The Mag that Liberated Japan’s Gay Men

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Homosexuality and Manliness in Postwar JapanHomosexuality and Manliness in Postwar Japan
by Jonathan D. Mackintosh
Routledge.  261 pages, $125.

 

IMAGINE a magazine arriving in the mail every month, over 300 pages filled with news, photos, and information that you never talked about with anyone. In the days before the Internet, that’s how gay life was organized in Japan.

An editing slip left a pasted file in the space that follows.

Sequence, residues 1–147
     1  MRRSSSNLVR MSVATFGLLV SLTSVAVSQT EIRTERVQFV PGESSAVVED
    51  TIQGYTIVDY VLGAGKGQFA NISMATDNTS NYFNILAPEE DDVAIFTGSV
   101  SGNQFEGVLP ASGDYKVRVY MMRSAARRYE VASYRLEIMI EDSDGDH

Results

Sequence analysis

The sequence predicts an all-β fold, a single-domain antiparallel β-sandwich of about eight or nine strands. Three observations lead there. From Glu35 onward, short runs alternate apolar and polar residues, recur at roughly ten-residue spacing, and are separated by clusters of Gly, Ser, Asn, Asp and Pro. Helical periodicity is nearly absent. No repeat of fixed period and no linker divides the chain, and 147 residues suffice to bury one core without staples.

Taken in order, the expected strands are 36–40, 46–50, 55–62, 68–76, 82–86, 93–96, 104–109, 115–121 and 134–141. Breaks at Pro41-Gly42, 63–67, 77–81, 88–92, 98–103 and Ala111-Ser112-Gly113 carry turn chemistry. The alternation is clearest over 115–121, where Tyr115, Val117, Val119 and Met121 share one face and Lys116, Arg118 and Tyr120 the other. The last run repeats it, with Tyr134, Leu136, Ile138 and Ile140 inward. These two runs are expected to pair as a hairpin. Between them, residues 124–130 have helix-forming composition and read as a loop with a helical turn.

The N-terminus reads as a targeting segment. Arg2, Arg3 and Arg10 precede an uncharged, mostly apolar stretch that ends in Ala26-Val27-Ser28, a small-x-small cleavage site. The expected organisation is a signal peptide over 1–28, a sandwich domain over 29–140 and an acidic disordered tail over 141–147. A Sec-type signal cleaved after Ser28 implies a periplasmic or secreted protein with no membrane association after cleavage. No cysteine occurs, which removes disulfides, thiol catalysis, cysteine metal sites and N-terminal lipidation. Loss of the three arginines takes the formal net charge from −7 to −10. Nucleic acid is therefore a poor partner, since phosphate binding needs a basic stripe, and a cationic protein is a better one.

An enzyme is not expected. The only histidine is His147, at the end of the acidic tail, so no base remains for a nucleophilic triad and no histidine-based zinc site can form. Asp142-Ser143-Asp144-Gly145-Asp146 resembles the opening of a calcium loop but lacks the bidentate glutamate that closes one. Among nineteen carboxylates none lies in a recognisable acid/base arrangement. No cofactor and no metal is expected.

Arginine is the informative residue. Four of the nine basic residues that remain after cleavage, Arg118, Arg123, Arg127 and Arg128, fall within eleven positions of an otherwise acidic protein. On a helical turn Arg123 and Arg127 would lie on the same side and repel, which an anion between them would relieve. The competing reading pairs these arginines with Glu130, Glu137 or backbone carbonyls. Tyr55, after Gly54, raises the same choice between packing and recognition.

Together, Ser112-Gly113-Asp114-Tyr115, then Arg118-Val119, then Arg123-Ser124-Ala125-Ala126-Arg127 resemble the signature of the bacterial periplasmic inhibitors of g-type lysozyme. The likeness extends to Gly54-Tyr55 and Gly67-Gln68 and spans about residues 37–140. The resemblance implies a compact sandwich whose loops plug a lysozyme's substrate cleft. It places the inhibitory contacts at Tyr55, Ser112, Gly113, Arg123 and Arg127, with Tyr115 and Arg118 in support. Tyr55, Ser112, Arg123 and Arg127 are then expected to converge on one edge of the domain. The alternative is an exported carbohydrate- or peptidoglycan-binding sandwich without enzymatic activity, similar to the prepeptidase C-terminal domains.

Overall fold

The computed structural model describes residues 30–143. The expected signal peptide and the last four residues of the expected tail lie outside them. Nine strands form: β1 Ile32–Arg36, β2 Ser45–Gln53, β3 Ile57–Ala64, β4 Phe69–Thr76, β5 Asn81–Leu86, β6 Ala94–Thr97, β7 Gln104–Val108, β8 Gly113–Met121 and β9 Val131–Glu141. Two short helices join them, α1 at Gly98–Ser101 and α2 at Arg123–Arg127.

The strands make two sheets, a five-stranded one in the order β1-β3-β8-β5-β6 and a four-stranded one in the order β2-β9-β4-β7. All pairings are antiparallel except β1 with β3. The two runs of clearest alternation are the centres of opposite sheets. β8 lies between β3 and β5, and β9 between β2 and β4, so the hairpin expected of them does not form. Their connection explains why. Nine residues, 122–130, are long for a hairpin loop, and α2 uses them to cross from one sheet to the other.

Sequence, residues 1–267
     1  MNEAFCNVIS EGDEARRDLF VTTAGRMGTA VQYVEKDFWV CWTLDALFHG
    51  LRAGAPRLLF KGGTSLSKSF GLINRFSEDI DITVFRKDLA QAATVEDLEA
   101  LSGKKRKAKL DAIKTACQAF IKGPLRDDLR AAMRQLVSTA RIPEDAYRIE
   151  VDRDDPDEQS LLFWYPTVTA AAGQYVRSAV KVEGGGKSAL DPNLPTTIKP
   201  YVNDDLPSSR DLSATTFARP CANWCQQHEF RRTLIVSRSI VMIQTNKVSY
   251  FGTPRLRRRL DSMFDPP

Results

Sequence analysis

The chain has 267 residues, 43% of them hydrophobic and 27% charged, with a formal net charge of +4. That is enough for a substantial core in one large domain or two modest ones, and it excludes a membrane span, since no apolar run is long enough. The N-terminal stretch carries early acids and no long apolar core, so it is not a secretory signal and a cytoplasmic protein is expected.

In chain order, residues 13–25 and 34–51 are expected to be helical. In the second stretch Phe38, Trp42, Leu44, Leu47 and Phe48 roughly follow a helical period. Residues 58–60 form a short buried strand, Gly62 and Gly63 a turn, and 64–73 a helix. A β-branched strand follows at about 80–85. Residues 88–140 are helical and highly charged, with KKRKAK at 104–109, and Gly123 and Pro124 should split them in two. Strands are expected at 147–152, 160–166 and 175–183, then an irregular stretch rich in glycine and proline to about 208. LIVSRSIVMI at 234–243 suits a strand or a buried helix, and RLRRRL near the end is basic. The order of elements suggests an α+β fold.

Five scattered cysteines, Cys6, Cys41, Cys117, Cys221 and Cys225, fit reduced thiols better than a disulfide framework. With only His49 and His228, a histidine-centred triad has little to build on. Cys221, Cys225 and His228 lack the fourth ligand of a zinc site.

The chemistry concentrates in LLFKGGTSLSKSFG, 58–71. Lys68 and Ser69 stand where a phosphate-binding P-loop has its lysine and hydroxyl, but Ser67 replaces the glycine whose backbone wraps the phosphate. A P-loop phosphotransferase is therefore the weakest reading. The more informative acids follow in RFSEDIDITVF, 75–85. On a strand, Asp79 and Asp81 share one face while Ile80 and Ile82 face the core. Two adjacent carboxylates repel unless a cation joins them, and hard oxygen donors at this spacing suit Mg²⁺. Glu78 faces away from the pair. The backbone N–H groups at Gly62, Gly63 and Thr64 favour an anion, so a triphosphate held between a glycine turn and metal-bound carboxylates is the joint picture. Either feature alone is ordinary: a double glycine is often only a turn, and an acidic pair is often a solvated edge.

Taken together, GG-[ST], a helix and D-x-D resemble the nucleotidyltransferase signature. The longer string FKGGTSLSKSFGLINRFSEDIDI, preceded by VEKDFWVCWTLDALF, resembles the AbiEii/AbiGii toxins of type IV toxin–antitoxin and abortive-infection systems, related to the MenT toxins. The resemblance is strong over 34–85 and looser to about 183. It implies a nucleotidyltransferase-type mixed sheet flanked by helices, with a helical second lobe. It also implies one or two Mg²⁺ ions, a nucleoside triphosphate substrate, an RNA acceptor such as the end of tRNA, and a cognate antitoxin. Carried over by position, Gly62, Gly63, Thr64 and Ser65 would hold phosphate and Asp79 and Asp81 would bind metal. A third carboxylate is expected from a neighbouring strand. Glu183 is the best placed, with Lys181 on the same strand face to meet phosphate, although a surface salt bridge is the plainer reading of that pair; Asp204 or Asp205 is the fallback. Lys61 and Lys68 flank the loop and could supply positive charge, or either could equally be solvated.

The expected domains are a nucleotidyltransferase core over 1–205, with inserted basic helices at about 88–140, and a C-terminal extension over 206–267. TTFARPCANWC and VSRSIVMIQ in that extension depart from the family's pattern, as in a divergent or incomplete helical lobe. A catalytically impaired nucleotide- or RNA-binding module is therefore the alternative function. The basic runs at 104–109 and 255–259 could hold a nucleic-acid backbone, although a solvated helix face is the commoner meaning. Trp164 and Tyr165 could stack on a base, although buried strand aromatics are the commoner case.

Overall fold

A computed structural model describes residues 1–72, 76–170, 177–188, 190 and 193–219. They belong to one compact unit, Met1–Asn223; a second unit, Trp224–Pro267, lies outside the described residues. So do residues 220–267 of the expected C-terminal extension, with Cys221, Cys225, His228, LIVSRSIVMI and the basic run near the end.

The breakthrough came in 1971 when a writer and publisher, Itō Bungaku, launched a magazine for gay people in Japan. The magazine was called Barazoku, the “Rose Tribe,” perhaps because (to use the Buddhist metaphor) the rose is beautiful to look at and grows in many places, but it springs from a stem of thorns (i.e., straight society). Barazoku was the leader in the field and held its own even when a number of similar magazines began to circulate. It was published from 1971 to 2008, and at its height boasted 30,000 copies sold each month, with a readership easily two to three times that number.

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